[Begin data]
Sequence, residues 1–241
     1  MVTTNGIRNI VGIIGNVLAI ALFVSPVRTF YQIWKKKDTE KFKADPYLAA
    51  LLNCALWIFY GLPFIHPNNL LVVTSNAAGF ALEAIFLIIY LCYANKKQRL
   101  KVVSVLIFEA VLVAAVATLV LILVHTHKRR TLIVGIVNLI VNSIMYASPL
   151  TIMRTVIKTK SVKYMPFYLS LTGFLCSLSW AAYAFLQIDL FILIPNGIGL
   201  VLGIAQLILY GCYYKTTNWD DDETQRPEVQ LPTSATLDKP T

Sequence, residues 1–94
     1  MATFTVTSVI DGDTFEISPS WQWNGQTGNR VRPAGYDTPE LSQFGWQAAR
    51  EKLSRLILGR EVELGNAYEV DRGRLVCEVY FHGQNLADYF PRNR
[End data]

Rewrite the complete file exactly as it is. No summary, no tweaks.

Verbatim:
Sequence, residues 1–241
     1  MVTTNGIRNI VGIIGNVLAI ALFVSPVRTF YQIWKKKDTE KFKADPYLAA
    51  LLNCALWIFY GLPFIHPNNL LVVTSNAAGF ALEAIFLIIY LCYANKKQRL
   101  KVVSVLIFEA VLVAAVATLV LILVHTHKRR TLIVGIVNLI VNSIMYASPL
   151  TIMRTVIKTK SVKYMPFYLS LTGFLCSLSW AAYAFLQIDL FILIPNGIGL
   201  VLGIAQLILY GCYYKTTNWD DDETQRPEVQ LPTSATLDKP T

Sequence, residues 1–94
     1  MATFTVTSVI DGDTFEISPS WQWNGQTGNR VRPAGYDTPE LSQFGWQAAR
    51  EKLSRLILGR EVELGNAYEV DRGRLVCEVY FHGQNLADYF PRNR